Sand and Sea meet for Kohler and Keiser
Herb Kohler sat down for an interview this week (big shock, that one) with the USGA, Rand Jerris, and assorted media. I was not present, so I’ll have to take them all at their respective words.
In the interview, he hinted at the type of project that makes his whistle pucker: “Our minds are going, and our search for land is continuing. There aren’t many areas left in this country, frankly, especially shoreline, especially on water you can’t see across. Very little land in this country left to build great golf courses. But there are those kinds of areas elsewhere in this world, and that’s what we’re looking for.”
It is interesting to note that the two great builders of courses these days (not architects, builders) have surnames that begin with “K,” are both midwesterners (by adoption or by birth) and seek the same locale for future developments. In a Golf Club Atlas interview conducted in 2005, Keiser made essentially identical statements to those of Kohler (the questions are preceded by numbers):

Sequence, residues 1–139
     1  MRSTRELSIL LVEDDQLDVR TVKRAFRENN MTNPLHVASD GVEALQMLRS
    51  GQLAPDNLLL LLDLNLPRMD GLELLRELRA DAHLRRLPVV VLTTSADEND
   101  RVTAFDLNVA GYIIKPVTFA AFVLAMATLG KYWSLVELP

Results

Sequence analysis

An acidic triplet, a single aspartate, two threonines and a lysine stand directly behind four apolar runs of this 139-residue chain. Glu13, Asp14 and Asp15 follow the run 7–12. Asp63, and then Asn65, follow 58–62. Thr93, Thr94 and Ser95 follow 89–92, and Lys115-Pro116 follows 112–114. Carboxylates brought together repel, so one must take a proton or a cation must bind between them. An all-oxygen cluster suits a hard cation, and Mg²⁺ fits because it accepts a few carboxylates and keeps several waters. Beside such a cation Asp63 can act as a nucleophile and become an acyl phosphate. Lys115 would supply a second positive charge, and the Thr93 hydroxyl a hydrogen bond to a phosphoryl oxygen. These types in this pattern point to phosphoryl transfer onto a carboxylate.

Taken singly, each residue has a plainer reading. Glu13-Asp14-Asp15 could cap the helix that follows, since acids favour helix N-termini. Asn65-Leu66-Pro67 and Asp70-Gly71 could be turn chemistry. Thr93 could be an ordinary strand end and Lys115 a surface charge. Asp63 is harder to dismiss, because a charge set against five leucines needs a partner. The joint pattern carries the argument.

“4. Would you ever consider opening a low cost public facility in a metropolitan area that would provide quality golf for a large audience?
Yes, if the site were worthwhile and sandy. It can be cost prohibitive to buy in metro areas, but we do think about it.
20. Where in the world will the next ‘Bandon’ be?
Tasmania? Southwest Ireland? Alberta, Canada? Who knows? I think the South Coast of Oregon could be known as America’s Linksland. There’s 50 miles of sand dunes on the Pacific.”
If you know of a place that might interest either Mike or Herb, I suggest that you let them know. For me, there is a place across the water from South Buffalo called Sherkston (Ontario.) They have a quarry and lots of dunesland. Thoughts on a finder’s fee?
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